The Vizsla is a dog breed originating in Hungary. The ancestors of the present Vizsla were hunting dogs of the Magyar tribes who lived in the Carpathian Basin in the 10th century. Primitive stone etchings (dated more than a thousand years old) show the Magyar hunter with his falcon and his Vizsla.
The Vizsla is a natural hunter with an excellent nose and outstanding trainability. They are classified under the FCI group 7 (Pointer group). This is the smallest of the HPR (hunt, point and retrieve) breeds.
The Vizsla’s medium size is one of the breed’s most appealing characteristics and through the centuries the Vizsla has held a rare position among sporting dogs – that of household companion and family dog. They are energetic, demonstrably loving and sensitive, but also fearless and protective.
The Vizsla is a robust dog, lean and slightly built, with defined muscles. The Vizsla is a one coat one colour dog. The colour is difficult to describe – a solid golden rust in different shadings. The eyes, nose, nails and even foot pads all blend into this perfect solid colour picture. Due to its single coat the Vizsla is unsuited to being kept outside. They are self-cleaning dogs and seldom need to be bathed (if ever) and have little noticeable “dog smell” detectable by humans.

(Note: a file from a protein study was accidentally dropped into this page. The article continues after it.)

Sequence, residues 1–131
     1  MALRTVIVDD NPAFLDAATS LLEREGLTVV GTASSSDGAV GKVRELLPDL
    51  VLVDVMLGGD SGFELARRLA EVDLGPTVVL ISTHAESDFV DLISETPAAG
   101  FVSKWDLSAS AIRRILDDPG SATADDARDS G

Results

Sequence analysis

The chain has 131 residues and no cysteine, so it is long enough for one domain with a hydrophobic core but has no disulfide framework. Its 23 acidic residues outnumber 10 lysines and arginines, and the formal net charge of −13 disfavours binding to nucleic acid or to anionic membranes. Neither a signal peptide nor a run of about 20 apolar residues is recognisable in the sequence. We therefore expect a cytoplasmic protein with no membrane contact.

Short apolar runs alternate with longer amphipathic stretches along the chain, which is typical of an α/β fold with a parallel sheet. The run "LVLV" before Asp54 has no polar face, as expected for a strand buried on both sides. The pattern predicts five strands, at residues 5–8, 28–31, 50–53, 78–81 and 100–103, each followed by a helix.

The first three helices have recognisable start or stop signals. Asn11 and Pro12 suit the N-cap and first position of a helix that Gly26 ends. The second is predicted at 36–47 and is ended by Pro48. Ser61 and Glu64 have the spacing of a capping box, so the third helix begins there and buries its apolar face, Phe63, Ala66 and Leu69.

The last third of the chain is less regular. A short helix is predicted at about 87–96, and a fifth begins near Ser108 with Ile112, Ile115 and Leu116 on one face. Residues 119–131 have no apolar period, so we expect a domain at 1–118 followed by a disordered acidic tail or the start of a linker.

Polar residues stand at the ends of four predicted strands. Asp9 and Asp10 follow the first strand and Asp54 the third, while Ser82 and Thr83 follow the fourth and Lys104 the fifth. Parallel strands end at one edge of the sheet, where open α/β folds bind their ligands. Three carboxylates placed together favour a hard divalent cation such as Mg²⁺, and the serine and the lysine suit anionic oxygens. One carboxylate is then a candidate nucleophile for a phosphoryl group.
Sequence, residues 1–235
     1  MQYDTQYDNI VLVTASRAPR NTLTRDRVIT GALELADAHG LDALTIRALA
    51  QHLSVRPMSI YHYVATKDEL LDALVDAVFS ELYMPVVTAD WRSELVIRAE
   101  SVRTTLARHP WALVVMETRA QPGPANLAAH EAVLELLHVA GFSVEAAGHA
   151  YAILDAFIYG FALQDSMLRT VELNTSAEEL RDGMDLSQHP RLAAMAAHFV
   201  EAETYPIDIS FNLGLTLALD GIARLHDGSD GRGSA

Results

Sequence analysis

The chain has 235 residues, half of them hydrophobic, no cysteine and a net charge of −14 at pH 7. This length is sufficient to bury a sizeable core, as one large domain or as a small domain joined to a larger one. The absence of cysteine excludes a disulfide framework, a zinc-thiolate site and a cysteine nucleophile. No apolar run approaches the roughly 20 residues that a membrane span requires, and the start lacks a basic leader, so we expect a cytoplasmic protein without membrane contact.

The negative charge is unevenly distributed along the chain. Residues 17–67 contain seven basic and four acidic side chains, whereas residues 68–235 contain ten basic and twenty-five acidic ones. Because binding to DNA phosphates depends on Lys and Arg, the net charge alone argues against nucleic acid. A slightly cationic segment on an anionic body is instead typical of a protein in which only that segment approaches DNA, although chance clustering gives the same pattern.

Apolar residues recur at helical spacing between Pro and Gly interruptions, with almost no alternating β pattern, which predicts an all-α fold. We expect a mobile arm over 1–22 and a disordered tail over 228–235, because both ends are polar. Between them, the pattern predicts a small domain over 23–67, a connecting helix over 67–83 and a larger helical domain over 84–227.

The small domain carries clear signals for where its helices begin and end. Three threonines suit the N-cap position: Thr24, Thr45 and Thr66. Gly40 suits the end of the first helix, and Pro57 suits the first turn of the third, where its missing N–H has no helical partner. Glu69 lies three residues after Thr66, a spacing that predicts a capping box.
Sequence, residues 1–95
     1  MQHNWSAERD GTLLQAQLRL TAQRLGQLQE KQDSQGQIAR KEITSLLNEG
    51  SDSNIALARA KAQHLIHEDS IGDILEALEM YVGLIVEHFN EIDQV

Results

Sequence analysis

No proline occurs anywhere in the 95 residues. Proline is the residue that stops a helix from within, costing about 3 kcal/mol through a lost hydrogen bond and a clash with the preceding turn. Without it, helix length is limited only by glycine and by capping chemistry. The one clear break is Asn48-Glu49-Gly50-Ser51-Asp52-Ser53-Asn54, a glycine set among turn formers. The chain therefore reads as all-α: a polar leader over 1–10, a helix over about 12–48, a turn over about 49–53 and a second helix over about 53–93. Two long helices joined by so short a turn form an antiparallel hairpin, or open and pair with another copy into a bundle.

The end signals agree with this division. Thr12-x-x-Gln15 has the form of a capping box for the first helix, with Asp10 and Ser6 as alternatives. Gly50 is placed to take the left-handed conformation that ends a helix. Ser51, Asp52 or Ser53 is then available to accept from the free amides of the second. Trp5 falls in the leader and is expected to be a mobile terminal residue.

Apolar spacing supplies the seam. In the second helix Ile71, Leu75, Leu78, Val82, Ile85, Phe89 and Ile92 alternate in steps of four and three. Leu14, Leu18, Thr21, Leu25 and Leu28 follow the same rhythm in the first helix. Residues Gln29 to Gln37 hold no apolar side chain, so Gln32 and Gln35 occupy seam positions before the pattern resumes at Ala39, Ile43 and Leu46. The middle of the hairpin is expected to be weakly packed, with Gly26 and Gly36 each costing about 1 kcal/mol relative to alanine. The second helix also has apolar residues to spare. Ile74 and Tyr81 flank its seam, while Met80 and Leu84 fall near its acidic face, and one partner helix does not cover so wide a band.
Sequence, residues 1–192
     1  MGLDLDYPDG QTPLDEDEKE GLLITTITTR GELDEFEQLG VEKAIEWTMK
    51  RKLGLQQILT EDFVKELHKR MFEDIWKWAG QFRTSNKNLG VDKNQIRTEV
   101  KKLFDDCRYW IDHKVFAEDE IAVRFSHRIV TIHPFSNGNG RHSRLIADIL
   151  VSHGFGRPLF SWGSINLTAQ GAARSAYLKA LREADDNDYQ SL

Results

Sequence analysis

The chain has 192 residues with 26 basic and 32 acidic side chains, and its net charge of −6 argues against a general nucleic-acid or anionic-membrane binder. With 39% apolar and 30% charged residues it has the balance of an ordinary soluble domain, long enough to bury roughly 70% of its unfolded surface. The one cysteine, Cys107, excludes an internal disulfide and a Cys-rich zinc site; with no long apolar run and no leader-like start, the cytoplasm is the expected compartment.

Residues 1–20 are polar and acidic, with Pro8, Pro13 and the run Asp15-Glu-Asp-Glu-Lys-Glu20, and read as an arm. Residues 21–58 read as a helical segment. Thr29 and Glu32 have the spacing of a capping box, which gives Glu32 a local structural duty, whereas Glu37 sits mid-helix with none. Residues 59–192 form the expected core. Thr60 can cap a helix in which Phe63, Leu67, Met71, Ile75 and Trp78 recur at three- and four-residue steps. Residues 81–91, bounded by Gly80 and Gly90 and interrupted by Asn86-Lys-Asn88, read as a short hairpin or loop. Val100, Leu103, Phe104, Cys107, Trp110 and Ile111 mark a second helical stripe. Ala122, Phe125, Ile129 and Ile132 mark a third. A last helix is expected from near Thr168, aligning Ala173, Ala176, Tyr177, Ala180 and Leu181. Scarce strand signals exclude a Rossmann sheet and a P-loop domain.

Traditionally the tail was docked to two-thirds of its original length, to protect the hunting dog from injuries in the field. Most countries have now banned tail docking.
The Vizsla is commonly referred to as the “velcro” dog because of their extreme loyalty and affection. They might cry or whine when they feel neglected or are otherwise unhappy. This breed will happily spend time with you 24/7 – and needs physical contact as well.
The Vizsla is generally very easy to train, but does not respond well to harsh methods or strong physical correction. They are highly intelligent and require both mental and physical stimulation. Not only are they great pointers, but they are excellent retrievers as well. Vizslas are also known for being great swimmers.
The Vizsla thrives on attention, exercise and interaction. If responsible breeding practices are adhered to, this breed rarely suffers from any serious health problems.